Ramsay Jones <ram...@ramsay1.demon.co.uk> writes:

> On 24/06/14 00:25, Junio C Hamano wrote:
> ...
>> Yup, that is a very good point.  There needs an infrastructure to
>> tie a set of files (i.e. the standard one being the chain of
>> system-global /etc/gitconfig to repo-specific .git/config, and any
>> custom one that can be specified by the caller like submodule code)
>> to a separate hashmap; a future built-in submodule code would use
>> two hashmaps aka "config-caches", one to manage the usual
>> "configuration" and the other to manage the contents of the
>> .gitmodules file.
> I had expected to see one hash table per file/blob, with the three
> standard config hash tables linked together to implement the scope/
> priority rules. (Well, these could be merged into one, as the current
> code does, since that makes handling "multi" keys slightly easier).

Again, good point.  I think a rough outline of a design that take

 (1) we may have to read two or more separate sets of "config like
     things" (e.g. the contents from the normal config system and
     the contents from the .gitmodules file) and

 (2) we may have to read two or more files that make up a logically
     single set of "config-like things" (e.g. the "normal config
     system" reads from three separate files)

into account may look like this:

 * Each instance of in-core "config-like things" is expressed as a
   struct "config-set".

 * A "config-set" points at an ordered set of struct "config-file",
   each of which represents what was read and cached in-core from a

 * When we know or notice that a single file on the filesystem was
   modified, we do not have to invalidate the whole "config-set"
   that depends on the file; the "config-file" that corresponds to
   the file on the filesystem is invalidated instead.

 * The most generic API to read the values for a given key or
   enumerate the keys in a set of "config-like things" takes
   "config-set" as an argument, and reads from the ordered set of
   "config-file" to keep the established illusion that we read them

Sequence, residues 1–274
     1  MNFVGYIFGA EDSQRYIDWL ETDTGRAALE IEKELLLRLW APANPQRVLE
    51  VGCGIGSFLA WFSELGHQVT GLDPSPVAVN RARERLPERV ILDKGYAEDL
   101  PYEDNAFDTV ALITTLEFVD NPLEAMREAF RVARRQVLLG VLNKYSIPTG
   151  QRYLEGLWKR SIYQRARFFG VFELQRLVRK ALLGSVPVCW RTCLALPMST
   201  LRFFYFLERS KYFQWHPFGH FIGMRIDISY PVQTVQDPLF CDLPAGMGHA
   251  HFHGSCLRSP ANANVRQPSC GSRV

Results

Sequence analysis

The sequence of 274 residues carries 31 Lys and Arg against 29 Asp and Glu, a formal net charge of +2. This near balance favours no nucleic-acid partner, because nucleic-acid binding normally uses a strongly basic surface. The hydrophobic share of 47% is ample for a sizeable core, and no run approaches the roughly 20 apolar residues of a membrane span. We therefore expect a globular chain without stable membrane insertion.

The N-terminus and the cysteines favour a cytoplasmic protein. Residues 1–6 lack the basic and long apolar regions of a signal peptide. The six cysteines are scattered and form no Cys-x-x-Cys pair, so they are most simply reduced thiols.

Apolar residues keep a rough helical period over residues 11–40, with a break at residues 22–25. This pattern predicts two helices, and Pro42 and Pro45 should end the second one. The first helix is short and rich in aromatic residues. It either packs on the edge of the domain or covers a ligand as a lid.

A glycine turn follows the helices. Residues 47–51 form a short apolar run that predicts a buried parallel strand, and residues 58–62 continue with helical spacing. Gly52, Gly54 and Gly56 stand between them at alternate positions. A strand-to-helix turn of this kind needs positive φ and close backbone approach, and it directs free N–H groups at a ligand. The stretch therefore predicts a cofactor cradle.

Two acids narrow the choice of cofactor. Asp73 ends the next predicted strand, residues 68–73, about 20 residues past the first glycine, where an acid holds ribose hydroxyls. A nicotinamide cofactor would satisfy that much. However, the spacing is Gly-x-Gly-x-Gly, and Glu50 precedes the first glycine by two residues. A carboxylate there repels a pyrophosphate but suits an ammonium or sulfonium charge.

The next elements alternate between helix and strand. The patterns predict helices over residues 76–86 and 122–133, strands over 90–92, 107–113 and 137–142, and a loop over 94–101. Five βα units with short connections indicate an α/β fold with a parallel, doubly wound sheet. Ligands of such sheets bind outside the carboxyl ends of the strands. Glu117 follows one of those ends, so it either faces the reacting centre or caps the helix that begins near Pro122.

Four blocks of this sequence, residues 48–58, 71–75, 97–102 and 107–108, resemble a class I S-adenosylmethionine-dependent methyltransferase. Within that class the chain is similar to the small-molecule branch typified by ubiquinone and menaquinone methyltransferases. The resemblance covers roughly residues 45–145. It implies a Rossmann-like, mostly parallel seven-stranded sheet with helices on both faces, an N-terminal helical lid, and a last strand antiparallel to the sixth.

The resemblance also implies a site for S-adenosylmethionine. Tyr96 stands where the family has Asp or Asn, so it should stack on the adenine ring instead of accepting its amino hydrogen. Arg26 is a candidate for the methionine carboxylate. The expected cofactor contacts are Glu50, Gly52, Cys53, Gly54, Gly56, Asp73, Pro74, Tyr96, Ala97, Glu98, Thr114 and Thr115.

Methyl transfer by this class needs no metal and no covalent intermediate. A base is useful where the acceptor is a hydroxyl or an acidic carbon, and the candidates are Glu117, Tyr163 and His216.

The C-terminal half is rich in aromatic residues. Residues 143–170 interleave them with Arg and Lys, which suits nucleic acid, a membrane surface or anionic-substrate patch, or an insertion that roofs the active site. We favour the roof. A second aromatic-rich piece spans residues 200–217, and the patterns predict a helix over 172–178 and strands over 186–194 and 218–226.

all and accumulate, leading to "the last one wins" for single
   valued variables.

 * Because reading from the normal config system happens everywhere
   in the existing code, we will have one struct "config-set"
   instance, called "the_config_set", and have a parallel API of the
   most generic API above, that do not take the "config-set" as an
   explicit argument.  They operate on the_config_set singleton

The implementation of the API function "git-config-get-string" may
look like this:

        int git_config_get_string(const char *key, const char **value)
                return git_configset_get_string(&the_config_set, key, value);

which is the "thin-wrapper" for the more generic API to allow you
read from an arbitrary config_set, which may even look like this:

        #define git_config_get_string(k, v) \
                git_configset_get_string(&the_config_set, (k), (v))

When the submodule script that uses "git config -f .gitmodules" is
converted into C, if the updated config API is ready, it may be able
to do something like these in a single program:

        const char *url;
        struct config_set *gm_config;

        /* read from $GIT_DIR/config */
        url = git_config_get_string("remote.origin.url");

         * allow us to read from .gitmodules; the parameters are
         * list of files that make up the configset, perhaps.
        gm_config = git_configset_new(".gitmodules", NULL);

        if (!git_configset_get_bool(gm_config, "submodule.frotz.ignore")) {
                /* do a lot of stuff for the submodule */

        /* when we are done with the configset */

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